This piece is dedicated to the memory of Felix Fenelon, a critic and writer who, starting in 1906, was known for his short columns in the French newspaper Le Matin, and for his precocious ability to summarize human tragedies, including horrifying acts of crime, in three condensed lines.
For example, he wrote: "As the train started to slow down, the mademoiselle opened the cabin door. She leaned out. A speeding train coming in the other direction smashed to pieces both her skull and the cabin door."
Hundreds of his short reports were eventually published in the volume "Novels in Three Lines," and they are characterized by a light, ironically wry, tone. After all, nothing could be more absurd than growing addicted to detailed or enthused descriptions of tragedies, and to wallow in specious sorrow about their contents.
The extent to which such sorrow is contrived could be gleaned from the fact that from Sunday to Tuesday this week, the country loudly grieved over the murder of three children by their berserk father, Itai Ben Dror. Then, on Tuesday, national mourning switched its focus to a new tragedy: the crash of the Israel Air Force helicopter in Romania, in which six Israelis and one Romanian perished.
Suddenly, the earlier tragedy left the stage. The new tragedy swelled in scope, before heading into the horizon. Thankfully, as these lines are written, a new catastrophe has yet to occur.
Did the story of the lunatic who murdered his children really deserve more than three lines? After all, the item conveyed nothing new: There will always be nutcases, and there will always be murders. The only thing that has changed is the loss of discernment on the part of those who cover acts perpetrated by deranged persons: That is, what has disappeared is a distinction between good journalism, and cliches.
Here are two cliches that had a field day at the beginning of the week: 1 ) "How is it that they didn't read the writing on the wall"; and 2 ) "Nobody noticed anything strange about them. This was an entirely normal family." The mendacity of these cliches derives from their assumption that there is, somewhere in the world, a model "normal family." In fact, no such family has ever existed, or could exist. In the lexicon of social welfare authorities, a "normal family" simply means one that does not bring any of its problems to their attention, and thus manages to hide its less attractive traits (traits that any family has ) from its neighbors. And with regard to "the writing on the wall:" Such a cliche contradicts the very essence of the human condition, which always contains elements of free will and the unexpected.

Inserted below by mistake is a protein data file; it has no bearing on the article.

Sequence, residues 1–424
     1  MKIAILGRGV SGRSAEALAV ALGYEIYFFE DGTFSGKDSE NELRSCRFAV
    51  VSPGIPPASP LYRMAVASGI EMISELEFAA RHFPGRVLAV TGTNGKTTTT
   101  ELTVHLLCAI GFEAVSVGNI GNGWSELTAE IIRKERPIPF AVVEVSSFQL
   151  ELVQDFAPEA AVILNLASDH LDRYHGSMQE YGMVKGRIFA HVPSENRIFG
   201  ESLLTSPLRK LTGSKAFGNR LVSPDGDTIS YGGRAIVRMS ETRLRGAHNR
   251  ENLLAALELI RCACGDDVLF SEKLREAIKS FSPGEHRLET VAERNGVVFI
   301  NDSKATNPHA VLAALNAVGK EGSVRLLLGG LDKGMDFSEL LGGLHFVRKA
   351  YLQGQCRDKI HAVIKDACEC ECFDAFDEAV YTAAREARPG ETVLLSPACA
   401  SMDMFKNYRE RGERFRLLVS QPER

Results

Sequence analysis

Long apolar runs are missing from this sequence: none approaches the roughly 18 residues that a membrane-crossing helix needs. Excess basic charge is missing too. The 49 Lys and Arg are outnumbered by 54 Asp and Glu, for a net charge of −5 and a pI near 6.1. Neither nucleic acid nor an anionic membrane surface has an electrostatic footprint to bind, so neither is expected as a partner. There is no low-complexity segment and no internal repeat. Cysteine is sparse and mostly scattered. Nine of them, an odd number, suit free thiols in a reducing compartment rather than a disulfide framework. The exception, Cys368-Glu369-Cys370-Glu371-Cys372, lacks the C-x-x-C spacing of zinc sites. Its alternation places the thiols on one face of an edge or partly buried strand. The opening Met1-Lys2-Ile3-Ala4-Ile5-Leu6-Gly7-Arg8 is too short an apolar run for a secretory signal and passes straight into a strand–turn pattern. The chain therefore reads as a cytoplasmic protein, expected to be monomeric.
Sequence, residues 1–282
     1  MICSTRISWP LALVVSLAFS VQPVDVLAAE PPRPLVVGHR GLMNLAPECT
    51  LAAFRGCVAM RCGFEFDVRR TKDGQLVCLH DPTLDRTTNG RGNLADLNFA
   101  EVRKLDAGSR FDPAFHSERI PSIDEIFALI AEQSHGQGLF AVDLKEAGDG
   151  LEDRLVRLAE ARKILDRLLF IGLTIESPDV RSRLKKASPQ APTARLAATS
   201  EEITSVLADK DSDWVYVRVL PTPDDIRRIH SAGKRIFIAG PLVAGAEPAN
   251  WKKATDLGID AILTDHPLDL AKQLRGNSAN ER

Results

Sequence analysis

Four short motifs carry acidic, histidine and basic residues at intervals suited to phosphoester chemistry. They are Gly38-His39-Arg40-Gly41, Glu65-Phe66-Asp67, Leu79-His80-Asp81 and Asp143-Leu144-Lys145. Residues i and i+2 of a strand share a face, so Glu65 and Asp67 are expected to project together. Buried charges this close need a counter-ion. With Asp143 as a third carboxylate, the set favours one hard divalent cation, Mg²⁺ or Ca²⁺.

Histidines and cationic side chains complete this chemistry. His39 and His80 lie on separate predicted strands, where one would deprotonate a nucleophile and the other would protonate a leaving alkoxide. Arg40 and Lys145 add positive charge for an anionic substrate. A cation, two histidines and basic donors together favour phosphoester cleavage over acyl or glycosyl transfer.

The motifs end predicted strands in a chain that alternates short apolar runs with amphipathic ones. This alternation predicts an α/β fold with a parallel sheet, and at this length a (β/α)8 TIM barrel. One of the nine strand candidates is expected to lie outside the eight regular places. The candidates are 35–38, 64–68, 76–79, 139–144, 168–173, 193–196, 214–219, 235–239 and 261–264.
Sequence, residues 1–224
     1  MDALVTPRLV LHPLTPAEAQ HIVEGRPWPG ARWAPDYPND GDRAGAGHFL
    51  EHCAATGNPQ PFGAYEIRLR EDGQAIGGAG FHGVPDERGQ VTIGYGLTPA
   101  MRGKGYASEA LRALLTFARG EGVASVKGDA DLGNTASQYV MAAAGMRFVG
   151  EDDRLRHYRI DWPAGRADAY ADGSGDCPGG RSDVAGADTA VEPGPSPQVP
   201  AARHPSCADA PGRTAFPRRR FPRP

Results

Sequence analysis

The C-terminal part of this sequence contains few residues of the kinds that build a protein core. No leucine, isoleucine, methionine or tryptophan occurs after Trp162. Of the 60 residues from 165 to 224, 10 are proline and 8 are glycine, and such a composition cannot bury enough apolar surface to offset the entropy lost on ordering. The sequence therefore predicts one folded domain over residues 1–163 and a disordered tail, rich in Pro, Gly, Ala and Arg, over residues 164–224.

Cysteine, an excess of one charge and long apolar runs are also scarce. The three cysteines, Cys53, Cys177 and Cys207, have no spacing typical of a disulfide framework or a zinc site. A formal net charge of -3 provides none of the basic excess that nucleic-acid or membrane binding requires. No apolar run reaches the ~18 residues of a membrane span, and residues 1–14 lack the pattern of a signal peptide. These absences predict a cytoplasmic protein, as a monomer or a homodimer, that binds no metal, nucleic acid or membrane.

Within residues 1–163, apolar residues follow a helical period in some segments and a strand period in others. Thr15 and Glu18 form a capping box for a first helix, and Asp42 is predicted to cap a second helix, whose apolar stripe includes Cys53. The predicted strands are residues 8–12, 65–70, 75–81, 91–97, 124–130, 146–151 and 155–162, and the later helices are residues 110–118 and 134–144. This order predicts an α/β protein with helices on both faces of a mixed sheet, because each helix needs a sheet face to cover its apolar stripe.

Expansive media coverage of atrocities such as the one at the beginning of the week leaves an impression that the number of dangerous lunatics among us is rising all the time. In fact, to be nuts has become rather fashionable these days. Take, as evidence, the fact that after he murdered his three children, this psycho received an "honor guard" consisting of an ambulance and a police escort to ensure that he would not, heaven forbid, put an end to his own life; he was put to bed in light-blue pajamas, and became a television celebrity. No doubt, he will receive free psychiatric care; attempts will be made during his treatment to uncover the mysteries of his soul and identify the unconscious motives that compelled him to carry out his deed. In the end, he will claim that the confession was forcibly extracted from him, and he will be acquitted on grounds of reasonable doubt.
Nowadays, you are only crazy when you do not declare yourself to be crazy! In my opinion, we ought to be more concerned about the lunatics who do not define themselves as such, and roam freely about, such as those who believe themselves to be Napoleon and think that Israel is a great empire that is soon destined to vanquish Iran and, after Iran, the world as a whole, so as to teach the world a thing or two about 2,000 years of anti-Semitism. With their foolish words, these undeclared psychopaths can ruin Israel's relations with friendly nations, while moving soldiers around as though they were mere pieces on a chessboard.
Take Romania, for example. Suddenly it has become clear that Israel has reached the Carpathian Mountains, not with the intention of conquering them, but rather with the aim of using them to train for missions on mountaintops still farther away, perhaps Ararat, perhaps Everest. Maybe Kilimanjaro, who knows?
So here is the basic summary of the weekly national psychiatric report: Up to Monday, we dealt with the tragedy of three young victims of a crazy murderer. From Tuesday, we dealt with six victims, the best of the best in the country, who were sent by a nut or several nuts to carry out their military fantasies. Neither dressed in blue pajamas or whisked away in an ambulance, their handlers will continue to sit in their seats of power, as decision makers who imagine in their hearts that not just the Temple Mount, but the whole world, is in their hands.
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